Haines stands tall in Carroll

GOP stalwart dominates in county, not in Annapolis

`Stands up for what he believes in'

August 04, 2002|By Mary Gail Hare and Childs Walker | Mary Gail Hare and Childs Walker,SUN STAFF

The temperature hovered near 100, but state Sen. Larry E. Haines couldn't have looked cooler as he worked the crowd at his 13th annual picnic fund-raiser in Westminster. The Carroll County Republican, whose crop of thick white hair makes him a standout in any setting, was equally at ease chatting with straight-laced politicians and leather-clad bikers.

While redistricting has expanded his district to include northern Baltimore County, Haines' political strength remains firmly grounded in his home county. And his picnic is Carroll's grandest political event - a reminder of his place as the most secure, recognizable and popular Republican in a county where the party holds every state and county elected office.

"Anybody who is anybody in Carroll County is at Haines' picnic," said Republican Del. Carmen Amedori. "It is where our people are."

FOR THE RECORD - An article in yesterday's editions on state Sen. Larry E. Haines gave the wrong first name for David Paulson, a spokesman for the Maryland Democratic Party.
The Sun regrets the error.

Haines' stature at home means little in Democrat-dominated Annapolis, but it has in recent years discouraged challengers. And his popularity has him thinking about bigger things, including a possible congressional run.

At 64, he has built a successful real estate business and raised a family, but politics has been his passion since he was a little boy, and no matter how easy an election seems, he never lets up.

"I have an opponent, and I take that seriously," he said last week in his Westminster office. "When my wife heard I had an opponent this time, she said, `Now you're happy.'"

Haines is being opposed by Westminster maintenance worker Ronald Zepp. Attempts to reach Zepp for comment were not successful. Few political observers give Zepp, a Democrat and political novice, much of a chance in the general election against the three-term incumbent.

Democratic officials don't bother targeting Haines because they assume his support is too solid. Few observers expect the expansion of his district into Baltimore County to stop him, either - the new territory is almost as heavily Republican as Haines' core jurisdiction in Carroll.

Carroll political observers say Haines does so well in his home county because he never strays from his conservative beliefs, even in Annapolis, where principle has been known to be bartered for votes.

"He stands up for what he believes in, and he doesn't lie," said Christian Cavey, a Hampstead-based real estate agent who would share part of Haines' district if he wins his bid for a Baltimore County delegate seat. "People have a lot of respect for that, regardless of party."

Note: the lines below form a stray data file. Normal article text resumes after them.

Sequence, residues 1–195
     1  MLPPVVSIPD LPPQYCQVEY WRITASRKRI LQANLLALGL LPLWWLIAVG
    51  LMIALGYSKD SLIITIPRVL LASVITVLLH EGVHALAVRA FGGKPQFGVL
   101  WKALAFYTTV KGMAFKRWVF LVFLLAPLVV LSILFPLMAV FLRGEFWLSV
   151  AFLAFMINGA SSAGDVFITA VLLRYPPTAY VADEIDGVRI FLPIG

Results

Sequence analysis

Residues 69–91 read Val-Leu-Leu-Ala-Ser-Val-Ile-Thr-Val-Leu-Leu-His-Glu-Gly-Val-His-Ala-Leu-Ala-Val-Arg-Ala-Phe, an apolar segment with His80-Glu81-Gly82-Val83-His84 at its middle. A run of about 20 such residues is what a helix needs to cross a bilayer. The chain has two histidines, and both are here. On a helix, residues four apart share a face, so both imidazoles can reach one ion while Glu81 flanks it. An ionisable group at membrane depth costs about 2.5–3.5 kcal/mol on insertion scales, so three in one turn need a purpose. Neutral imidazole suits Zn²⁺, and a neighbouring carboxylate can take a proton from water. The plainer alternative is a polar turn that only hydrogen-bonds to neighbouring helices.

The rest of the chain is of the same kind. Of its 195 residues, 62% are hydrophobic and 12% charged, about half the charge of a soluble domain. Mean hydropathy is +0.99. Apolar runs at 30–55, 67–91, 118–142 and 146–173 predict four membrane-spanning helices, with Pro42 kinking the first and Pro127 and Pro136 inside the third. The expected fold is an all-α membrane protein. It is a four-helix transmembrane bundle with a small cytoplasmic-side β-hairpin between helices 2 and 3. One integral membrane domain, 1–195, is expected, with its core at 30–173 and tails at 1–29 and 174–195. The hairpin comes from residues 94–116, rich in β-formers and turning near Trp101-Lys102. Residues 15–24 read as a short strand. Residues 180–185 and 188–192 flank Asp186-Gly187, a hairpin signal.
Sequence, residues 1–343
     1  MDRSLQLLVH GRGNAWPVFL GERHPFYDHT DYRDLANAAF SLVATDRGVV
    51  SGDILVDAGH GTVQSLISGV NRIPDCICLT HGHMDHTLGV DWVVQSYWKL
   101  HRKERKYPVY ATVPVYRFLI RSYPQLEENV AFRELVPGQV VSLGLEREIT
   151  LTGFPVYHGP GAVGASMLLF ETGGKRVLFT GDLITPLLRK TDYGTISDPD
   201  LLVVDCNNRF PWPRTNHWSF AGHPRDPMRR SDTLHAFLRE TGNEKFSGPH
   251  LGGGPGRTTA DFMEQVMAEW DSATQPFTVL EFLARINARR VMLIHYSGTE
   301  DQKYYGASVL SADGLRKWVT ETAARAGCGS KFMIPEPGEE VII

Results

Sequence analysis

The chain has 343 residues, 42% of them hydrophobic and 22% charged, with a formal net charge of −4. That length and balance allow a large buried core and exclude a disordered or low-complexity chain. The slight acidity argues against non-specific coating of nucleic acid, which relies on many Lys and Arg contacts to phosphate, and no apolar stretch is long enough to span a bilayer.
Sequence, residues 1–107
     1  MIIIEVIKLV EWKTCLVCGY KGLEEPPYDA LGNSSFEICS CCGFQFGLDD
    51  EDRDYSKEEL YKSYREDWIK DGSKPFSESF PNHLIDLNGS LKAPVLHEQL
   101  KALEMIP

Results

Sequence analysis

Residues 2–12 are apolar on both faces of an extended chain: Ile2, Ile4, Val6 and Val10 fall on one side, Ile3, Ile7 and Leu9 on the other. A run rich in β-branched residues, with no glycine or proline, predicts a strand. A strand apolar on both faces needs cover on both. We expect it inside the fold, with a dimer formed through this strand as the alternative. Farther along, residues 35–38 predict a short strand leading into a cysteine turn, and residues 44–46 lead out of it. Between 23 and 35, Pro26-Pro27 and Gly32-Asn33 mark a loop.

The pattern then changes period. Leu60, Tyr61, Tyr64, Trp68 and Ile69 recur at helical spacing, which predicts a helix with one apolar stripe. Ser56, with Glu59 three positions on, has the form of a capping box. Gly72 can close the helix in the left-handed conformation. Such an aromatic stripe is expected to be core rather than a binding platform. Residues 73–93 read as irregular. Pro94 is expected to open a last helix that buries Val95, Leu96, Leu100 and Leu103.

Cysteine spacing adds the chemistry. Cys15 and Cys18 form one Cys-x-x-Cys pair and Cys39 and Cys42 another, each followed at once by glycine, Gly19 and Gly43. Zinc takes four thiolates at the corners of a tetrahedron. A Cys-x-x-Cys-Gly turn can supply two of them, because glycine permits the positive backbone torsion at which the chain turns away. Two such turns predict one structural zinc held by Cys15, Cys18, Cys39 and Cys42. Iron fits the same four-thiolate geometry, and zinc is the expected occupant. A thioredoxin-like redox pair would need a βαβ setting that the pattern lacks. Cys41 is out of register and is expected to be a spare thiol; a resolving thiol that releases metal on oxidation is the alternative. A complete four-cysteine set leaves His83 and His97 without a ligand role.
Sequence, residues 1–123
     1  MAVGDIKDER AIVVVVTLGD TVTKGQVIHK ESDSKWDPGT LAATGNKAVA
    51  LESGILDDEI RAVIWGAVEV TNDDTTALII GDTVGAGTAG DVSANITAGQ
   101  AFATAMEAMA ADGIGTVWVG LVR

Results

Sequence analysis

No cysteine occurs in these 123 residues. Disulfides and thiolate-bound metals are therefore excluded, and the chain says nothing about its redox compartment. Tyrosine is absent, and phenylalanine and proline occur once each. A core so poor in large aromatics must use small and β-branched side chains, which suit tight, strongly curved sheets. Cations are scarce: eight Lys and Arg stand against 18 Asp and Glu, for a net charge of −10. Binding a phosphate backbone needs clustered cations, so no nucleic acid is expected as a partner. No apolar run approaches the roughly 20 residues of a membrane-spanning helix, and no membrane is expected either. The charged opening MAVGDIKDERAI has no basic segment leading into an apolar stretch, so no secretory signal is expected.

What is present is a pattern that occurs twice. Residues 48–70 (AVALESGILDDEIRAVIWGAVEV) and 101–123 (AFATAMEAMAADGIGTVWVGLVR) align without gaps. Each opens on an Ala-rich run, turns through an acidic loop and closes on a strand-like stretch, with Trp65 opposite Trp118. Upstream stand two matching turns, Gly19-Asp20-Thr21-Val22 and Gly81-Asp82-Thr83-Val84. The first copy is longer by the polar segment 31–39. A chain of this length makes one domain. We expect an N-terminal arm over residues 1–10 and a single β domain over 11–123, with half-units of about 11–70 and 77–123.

It doesn't hurt that Republicans make up almost 60 percent of the county's registered voters or that Haines' biography - he was born to a farm family, succeeded as a small-business owner and attends church weekly - fits the county's profile so neatly.

But if Haines is the political king of Carroll County, his stature diminishes in Annapolis. Haines, whose most notable achievements involve toughening penalties for criminals and preserving farmland, serves as minority whip, a sign of respect from his own party, but Democrats rule the legislature.

And Gov. Parris N. Glendening has loomed in the background, ready to veto conservative bills and, critics say, eager to bash Carroll for not following his Smart Growth doctrine. Some Democrats say staunch conservatives like Haines have polarized the Senate and made compromise increasingly elusive.

"Senator Haines is part of a cadre of Republicans who've basically divorced themselves from doing their jobs, because they'd rather stand on the sideline and throw spitballs," said Robert Paulson, spokesman for the Maryland Democratic Party.

Conservatives counter that regardless of who wins the gubernatorial race, Republicans will be less marginalized than they were under Glendening.

"You remove the governor's heavy hand on pet issues, and it's not that hard to get people, including Democrats, to vote conservative," said Sen. Andrew P. Harris, a Cockeysville Republican who described Haines as one of the most honest senators in Annapolis.

Haines acknowledged that legislative work can be frustrating, but said he takes solace in helping his constituents with small problems.

One man called him recently, he said, complaining that an emergency crew had left a pile of latex gloves and flares on the side of the road. Instead of telling the man such problems were outside of his sphere, Haines said he would have someone clean up the mess or come out and clean it himself.

"What people don't want is somebody who has all the power in Annapolis and then, when a constituent calls, won't take the phone call," Haines said.

Haines interest in politics stretches back to the tight-knit Carroll farm community of the 1940s and 1950s. His earliest memories include trips over Carroll's dusty back roads to the voting polls and long conversations about politics with his New Deal-loving grandfather, who tried to make him a Democrat.

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